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January 24, 2004

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The capital city, Hanoi, keeps its leaves in winter. The greenery, tourism, and smiles hide a history of conflict. The Vietnamese have warred and beaten major world powers: the Mongolian hordes of Kublai Khan, French, Americans, and multiple times the Cambodians and Chinese. During the "American War" (so-named from a Vietnamese perspective), US bombs damaged much of the city. No trace of that exists today yet modernity hasn't taken over. High rises don't mar old town's horizon and trees shade every street. Hanoi's center has been called an architectural museum, recalling days of French colonialism and provincial designs. The most remarkable thing we see there, besides the old gates and remnants of the ancient city (vestiges that existed before the French arrived) are narrow houses. The government taxes property based upon the surface area of a house front, so many houses take a long and narrow form. While sitting in one, don't stretch your arms out or you might scratch the neighbor's back.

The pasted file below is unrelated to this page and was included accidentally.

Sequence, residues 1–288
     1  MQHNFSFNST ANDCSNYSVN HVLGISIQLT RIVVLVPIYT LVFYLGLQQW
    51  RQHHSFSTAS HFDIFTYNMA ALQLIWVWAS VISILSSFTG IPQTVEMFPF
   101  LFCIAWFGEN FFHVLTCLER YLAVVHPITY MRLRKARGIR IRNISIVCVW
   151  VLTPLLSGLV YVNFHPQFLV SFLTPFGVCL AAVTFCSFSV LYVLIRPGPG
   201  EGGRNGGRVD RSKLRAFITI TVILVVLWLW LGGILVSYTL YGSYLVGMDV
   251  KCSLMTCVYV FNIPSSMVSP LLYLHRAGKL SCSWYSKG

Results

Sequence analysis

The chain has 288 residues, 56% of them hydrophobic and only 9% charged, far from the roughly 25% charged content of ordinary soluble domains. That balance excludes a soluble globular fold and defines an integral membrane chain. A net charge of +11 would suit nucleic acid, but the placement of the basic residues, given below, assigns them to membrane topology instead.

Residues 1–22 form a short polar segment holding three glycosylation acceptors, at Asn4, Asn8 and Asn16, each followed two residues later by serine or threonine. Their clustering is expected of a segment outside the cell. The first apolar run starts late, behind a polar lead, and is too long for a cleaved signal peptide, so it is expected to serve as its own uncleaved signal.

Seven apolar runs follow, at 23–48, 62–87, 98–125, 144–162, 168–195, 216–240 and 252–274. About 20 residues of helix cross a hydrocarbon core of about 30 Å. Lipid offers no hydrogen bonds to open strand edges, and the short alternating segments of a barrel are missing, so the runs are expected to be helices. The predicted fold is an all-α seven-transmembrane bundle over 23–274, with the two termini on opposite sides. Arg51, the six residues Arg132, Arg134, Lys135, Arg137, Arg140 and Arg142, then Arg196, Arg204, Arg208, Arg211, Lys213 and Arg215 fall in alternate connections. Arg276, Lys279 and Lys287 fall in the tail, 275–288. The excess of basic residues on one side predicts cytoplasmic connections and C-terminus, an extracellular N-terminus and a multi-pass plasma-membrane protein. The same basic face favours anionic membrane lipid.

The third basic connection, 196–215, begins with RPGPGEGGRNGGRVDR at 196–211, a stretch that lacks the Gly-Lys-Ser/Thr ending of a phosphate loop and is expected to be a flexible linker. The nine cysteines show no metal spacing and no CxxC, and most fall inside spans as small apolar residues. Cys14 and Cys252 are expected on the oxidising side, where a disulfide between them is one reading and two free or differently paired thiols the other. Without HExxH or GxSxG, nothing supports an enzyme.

Cyclos, looking like a wheelchairs with license plates, are a popular way of locomotion in Vietnamese cities.
Any visitor can view Ho Chi Minh's preserved body in this mausoleum. Ho Chi Minh means "Bringer of Light." His real name was Nguyen Tat Thanh. He founded the Vietnamese Communist Party and led the revolution and North Vietnam until his death in 1969. He mastered 5 languages, wrote Vietnam's Declaration of Independence (from France). Most interesting personal fact: he never married and had no known offspring.
In Hanoi's museum stands a piece of artwork dedicated to failed American capitalism. It features a model of the Ford Edsel, one of America's most famous business bloopers.
Chimney houses.